30 years of Chicago transportation changes

CHICAGO (WLS) -- This week we're celebrating 30 years of our morning show.

The city of Chicago has changed quite a bit, transportation-wise, over three decades, and Roz was there reporting on all of those stories!

She takes a look at some of the biggest changes including two major construction projects, a lot of bike lanes, and a street-turned-into-a-mall - turned back into that great street!

Part 1:30 years of changes on the CTA
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This is a very special week for us, as our morning show celebrates its 30th anniversary on April 3.

The biggest change in city transportation over the past 30 years began with a shift in attitude.

"In the 1980s, everything was very auto oriented and our streets were designed to carry as many cars as possible and as fast as possible to get them to the expressways," said CDOT Deputy Commissioner Luann Hamilton.

Safety became a priority with the Americans with Disabilities Act of 1990. Intersections had to have ramps and today they also include domed pavement and audible traffic signals. State Street became that great street again in 1996 when it re-opened to traffic after 16 years of only allowing buses along the State Street Mall.

In the early 90s, federal money became available for other forms of transportation and the Mayor's Bicycle Advisory Council was born. Today there are over 300 miles of bikeways, as well as protected bike lanes.

In 2013 Divvy came into the picture with 750 bikes. Now, there are more 6,000. Protected bike lanes were also part of the Loop Link, exclusive bus lanes to more efficiently move Loop bus traffic.

RELATED: 30 years of changes on the Illinois Tollway
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In part two of a four part series, Roz takes a look at the Illinois tollways over the past three decades.

Federal funds also helped to create the 606 Elevated Trail in 2015. Another gem, the Chicago Riverwalk. The idea of a riverfront promenade actually dates back to Daniel Burnham's 1909 Plan of Chicago, that's a little before my time!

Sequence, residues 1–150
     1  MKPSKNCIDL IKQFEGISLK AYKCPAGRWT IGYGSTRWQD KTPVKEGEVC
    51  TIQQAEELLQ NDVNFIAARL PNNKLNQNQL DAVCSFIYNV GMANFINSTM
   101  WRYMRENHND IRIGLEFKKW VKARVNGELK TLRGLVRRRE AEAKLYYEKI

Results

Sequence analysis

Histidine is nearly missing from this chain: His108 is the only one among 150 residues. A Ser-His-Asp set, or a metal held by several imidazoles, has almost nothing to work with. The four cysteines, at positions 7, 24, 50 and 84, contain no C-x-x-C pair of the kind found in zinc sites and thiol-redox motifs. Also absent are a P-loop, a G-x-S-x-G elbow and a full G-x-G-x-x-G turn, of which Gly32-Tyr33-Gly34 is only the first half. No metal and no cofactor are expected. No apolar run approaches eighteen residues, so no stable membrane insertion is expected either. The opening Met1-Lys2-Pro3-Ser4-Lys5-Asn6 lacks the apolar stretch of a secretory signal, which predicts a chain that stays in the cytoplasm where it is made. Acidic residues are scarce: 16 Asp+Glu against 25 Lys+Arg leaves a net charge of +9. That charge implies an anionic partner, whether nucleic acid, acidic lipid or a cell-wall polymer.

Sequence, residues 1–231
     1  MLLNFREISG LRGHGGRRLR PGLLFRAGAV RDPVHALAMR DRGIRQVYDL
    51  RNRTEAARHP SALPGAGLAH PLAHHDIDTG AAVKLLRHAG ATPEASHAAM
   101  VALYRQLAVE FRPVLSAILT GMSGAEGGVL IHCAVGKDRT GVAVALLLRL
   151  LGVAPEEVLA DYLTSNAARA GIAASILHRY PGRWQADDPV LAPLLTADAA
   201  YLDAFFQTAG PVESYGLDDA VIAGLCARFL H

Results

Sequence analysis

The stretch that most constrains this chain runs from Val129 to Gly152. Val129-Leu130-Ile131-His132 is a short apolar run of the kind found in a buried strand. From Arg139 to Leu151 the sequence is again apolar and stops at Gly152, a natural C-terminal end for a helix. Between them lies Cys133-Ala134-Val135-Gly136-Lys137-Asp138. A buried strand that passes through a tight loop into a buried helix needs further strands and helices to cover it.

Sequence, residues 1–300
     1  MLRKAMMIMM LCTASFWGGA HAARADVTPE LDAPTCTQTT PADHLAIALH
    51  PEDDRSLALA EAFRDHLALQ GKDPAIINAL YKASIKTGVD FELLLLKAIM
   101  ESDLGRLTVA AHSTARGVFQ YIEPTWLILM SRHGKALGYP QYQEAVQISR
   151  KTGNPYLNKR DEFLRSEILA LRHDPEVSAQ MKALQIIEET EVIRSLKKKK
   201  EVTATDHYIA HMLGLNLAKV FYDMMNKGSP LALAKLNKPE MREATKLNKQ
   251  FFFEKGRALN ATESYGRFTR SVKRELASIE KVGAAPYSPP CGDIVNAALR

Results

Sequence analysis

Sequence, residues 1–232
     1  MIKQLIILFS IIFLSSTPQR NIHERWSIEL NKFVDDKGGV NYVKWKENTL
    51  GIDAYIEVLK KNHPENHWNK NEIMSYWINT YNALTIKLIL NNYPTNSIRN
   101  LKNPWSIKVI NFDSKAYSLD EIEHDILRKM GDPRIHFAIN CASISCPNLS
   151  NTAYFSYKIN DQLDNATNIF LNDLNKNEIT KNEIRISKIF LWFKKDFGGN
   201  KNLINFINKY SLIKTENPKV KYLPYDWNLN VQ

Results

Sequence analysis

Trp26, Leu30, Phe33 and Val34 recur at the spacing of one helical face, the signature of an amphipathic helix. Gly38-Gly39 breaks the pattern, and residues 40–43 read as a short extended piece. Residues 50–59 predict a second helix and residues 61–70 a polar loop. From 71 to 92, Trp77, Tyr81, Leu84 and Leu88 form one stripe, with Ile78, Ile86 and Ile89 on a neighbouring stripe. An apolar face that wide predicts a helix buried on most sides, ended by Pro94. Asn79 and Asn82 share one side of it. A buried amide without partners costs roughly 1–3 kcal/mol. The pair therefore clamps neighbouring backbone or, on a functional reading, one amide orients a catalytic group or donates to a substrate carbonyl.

More recently the reconstruction of Wacker Drive was also the beginning of today's Riverwalk. The Wacker Drive reconstruction was so big and so expensive it had to be done it two parts. The original east-west structure was rebuilt in the early 2000s.

"It had a big impact because Wacker is the circulator that gets traffic around downtown and allows them to get to the bridges and out of downtown and onto the expressway network," Hamilton said.

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Because of that impact, Wacker was never fully closed, it was rebuilt one block at a time and reopened the same way, the first section between State and Dearborn.

The north/south portion of Wacker was originally built in the 50s and wasn't in as bad of shape, so it wasn't rebuilt until 2012. The other major CDOT accomplishment: The Museum Campus Project in the late 90s.

"What we did was shift northbound Lake Shore Drive lanes to the west so they were immediately adjacent to the southbound lanes, freeing up land to the east to develop a campus for the museums.

South Lake Shore Drive also got a rebuild from McCormick Place to 67th Street in the early 2000s and in 2013 it was extended from 79th to 92nd streets, along the site of the old US Steel South Works.
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